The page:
Hilma went to Eyþór’s bed and sat down on the bedside. She regarded him for a moment, then pushed back a lock of his brown hair lying across his forehead and stroked his head. She moistened a washcloth lying in a bowl on his bedside table and used it to wet his lips, which were dry and bluish. His strong countenance was still noticeable, despite the fatigue written on his pale face. She took his clammy hand in hers and laid her forehead to the back of it, which was uncomfortably cold. Guðmann hustled back into the room and grabbed his coat.
“Hilma. I’m sorry, but I’ve got to go. I’ve just been informed of a case that I’ve got to work.”
“What case?” she asked, straightening up.
Guðmann’s shoulders sagged slightly, suggesting that he either didn’t want to answer her, or didn’t know how to answer her.
“They’re searching for a house. A girl called 112 and apparently, something serious has happened to her mother.”
“And… well, no one knows where she is, exactly,” said Guðmann, as he turned to leave the room.
“Hilma,” he said brusquely. “The girl called from an unlisted number, but they’ve narrowed it down to a specific area on Seltjarnarnes. They’re searching house to house, or close to it. The girl saw her mother lifeless and covered in blood, and as far as I understand, she hid in a closet and called from there. There was someone else in the house, who had… Hilma, I don’t know the precise situation right now,” he said, sighing. “And I’ve only heard of it just now,” he continued, looking at his phone. Hilma knew that he was dying to use his special curse word again.
“Okay, let’s get going, then,” she said calmly, as she stood up grabbed her worn, black leather jacket and knitted scarf from where they lay over the end of Eyþór’s bed. Guðmann’s shoulders could not sink any farther. He drew a vigorous breath through his nose and straightened up, as if he’d inflated himself.
“No, Hilma,” he said calmly but firmly. “We’re not getting going. You’re going home and to bed, and I’m going down to the station. That’s that!”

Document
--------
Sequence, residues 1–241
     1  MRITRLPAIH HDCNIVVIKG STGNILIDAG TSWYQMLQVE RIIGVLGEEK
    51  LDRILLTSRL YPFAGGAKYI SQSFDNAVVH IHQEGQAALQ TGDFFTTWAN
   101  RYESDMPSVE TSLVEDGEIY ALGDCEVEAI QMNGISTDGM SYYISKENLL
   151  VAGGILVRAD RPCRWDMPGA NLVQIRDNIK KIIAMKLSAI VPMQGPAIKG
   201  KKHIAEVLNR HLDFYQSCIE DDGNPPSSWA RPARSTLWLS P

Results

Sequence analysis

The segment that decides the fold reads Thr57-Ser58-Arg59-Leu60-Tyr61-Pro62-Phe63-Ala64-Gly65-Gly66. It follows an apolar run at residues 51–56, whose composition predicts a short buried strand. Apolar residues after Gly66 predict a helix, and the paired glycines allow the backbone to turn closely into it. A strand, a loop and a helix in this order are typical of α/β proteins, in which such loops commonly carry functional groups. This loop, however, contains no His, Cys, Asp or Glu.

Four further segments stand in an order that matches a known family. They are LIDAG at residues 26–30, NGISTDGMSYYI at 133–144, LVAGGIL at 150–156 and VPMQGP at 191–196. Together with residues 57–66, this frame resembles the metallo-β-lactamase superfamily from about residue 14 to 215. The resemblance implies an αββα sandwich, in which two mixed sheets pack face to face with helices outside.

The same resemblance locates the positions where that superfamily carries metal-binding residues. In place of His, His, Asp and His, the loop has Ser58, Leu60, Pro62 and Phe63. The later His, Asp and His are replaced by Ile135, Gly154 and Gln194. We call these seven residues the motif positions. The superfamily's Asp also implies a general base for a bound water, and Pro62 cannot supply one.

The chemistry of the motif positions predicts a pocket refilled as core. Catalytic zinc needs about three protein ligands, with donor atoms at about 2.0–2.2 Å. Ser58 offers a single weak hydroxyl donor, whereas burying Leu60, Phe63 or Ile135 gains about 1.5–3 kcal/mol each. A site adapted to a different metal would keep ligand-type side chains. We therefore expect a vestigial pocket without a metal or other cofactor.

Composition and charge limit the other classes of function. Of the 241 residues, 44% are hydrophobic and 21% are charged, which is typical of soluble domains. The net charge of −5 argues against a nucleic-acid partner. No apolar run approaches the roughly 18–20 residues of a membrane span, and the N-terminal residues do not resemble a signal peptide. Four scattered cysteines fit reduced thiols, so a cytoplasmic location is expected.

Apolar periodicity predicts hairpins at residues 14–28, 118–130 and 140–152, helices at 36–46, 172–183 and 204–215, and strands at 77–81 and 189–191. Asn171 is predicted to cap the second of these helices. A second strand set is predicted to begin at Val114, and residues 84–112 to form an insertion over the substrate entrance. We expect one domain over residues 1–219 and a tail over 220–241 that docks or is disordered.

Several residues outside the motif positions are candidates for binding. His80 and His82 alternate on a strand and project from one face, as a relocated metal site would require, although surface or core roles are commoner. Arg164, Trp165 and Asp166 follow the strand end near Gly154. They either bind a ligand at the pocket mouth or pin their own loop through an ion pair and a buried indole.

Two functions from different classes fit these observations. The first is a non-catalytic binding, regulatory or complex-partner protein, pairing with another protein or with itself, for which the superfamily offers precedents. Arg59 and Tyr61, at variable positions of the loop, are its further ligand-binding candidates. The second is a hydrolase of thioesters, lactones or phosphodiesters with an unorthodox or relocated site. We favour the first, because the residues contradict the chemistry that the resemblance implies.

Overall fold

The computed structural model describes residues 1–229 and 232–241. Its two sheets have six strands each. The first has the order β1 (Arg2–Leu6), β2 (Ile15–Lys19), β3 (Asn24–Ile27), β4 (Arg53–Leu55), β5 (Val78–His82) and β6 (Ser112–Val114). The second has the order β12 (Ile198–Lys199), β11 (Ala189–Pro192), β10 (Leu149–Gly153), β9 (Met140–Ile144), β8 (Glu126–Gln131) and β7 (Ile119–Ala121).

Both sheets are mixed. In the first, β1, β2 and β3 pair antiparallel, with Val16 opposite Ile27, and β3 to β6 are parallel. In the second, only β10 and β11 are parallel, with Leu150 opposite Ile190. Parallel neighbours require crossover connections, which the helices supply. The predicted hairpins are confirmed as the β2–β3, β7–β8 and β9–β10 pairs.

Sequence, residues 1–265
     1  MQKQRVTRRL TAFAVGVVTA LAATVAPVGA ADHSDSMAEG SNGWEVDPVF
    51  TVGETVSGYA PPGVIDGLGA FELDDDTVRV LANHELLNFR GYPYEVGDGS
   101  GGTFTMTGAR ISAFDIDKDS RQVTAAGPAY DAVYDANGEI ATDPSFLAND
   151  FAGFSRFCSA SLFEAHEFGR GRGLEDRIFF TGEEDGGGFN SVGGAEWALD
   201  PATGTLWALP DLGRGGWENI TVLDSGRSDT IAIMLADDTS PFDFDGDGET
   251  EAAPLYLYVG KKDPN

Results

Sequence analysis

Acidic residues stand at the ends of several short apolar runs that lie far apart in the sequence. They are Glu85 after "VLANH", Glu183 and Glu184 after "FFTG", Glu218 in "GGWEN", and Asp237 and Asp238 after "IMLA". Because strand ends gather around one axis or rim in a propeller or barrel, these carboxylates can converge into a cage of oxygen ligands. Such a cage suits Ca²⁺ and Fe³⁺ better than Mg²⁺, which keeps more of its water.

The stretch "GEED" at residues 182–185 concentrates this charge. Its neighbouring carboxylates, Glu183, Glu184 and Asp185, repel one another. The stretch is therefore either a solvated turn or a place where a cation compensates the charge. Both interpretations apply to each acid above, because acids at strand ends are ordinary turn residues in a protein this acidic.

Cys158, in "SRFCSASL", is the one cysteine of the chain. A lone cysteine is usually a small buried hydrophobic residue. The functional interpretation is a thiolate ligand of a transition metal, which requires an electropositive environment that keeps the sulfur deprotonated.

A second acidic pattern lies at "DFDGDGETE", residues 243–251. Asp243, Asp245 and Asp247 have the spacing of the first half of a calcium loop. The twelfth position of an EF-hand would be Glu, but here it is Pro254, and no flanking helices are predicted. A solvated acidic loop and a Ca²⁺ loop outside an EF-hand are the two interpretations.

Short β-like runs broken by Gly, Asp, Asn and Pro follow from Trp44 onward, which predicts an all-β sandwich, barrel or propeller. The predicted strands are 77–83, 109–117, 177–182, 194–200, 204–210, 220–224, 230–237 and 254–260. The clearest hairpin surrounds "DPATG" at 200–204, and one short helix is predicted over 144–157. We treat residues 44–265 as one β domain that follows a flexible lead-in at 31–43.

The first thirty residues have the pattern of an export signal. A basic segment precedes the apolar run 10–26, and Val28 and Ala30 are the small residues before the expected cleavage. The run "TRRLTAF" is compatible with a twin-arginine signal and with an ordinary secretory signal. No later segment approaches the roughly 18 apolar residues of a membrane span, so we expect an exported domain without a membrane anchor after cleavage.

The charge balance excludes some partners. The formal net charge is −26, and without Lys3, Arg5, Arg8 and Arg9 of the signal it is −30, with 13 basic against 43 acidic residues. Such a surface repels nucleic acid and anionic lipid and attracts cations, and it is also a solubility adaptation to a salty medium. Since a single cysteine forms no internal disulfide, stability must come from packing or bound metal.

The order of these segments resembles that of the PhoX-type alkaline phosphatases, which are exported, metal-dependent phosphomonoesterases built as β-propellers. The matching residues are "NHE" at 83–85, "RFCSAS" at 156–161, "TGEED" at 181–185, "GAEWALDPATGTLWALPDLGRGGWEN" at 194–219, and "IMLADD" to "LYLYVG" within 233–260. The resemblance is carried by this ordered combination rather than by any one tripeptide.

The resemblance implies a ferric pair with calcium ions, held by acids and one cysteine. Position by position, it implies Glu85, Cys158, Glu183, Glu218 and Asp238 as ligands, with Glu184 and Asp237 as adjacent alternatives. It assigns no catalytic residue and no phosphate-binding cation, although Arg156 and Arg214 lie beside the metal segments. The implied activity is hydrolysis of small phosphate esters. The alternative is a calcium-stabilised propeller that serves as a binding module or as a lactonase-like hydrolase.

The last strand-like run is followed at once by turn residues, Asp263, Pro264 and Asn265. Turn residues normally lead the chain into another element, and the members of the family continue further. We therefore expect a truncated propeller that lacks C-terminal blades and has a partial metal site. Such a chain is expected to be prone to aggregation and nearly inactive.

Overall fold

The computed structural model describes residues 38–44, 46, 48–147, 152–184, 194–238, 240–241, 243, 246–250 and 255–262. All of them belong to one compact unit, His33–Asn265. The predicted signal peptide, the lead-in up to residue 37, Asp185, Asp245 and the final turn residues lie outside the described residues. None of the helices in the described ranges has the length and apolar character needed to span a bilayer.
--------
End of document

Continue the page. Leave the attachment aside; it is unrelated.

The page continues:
That’s that my ass, she thought, as she wrapped her thick scarf around her neck and hurried to the door. She turned around.
“And what do you expect me to do in bed? Go to sleep?”
“Yes… that’s kind of the way I’d seen it.”
“Right. That bed’s waiting for me only to keep me awake. And I’ve already slept enough,” she said, leaving the room. She felt the heat that always went hand-in-hand with anger rush far too sharply into her face, highlighting its scar. She hated it when her scar asserted itself in this way. Reminded her of its creation, when her face was nearly sliced in two. Reminded her of Vladas.
“Is everything okay? asked the perky police officer sitting in a chair outside the room. Hilma was startled. She’d forgotten that he was there.
“Yes, everything’s fine,” she said, looking at him. “And you’re still here. You’re not tired?”
“No, I’m right as rain,” he said, smiling.
Right as rain, thought Hilma. The expression was nonsensical; just one of those clichés that people liked to use at the most unlikely of occasions. It got a bit on her nerves, despite understanding what he meant.
Guðmann stood there motionless, at a loss as to his next move. He was unused to this feeling of uncertainty. Hilma was one of the very few who could faze him— and this wasn’t the first time. And probably not the last, he thought. Why, for goodness’ sake, did he have such trouble keeping this girl in check? Of course, it shouldn’t have been the slightest problem for him. He was her superior, and if he didn’t want her involved in this case, all he had to do was say so. Be firm.
Guðmann decided to go and talk to Hilma, but before his feet could move, she reappeared. She walked determinedly over to Eyþór and looked closely at his face. She listened carefully to his breaths, as if to memorize them. She kissed him gently on the forehead, stroked his cheek, and whispered something softly in his ear. Then she walked determinedly out of the room again. Just before disappearing from Guðmann’s sight, she said: “Shouldn’t we get going?”
After sighing and looking down at the floor, he left the room— silently, and with heavy steps.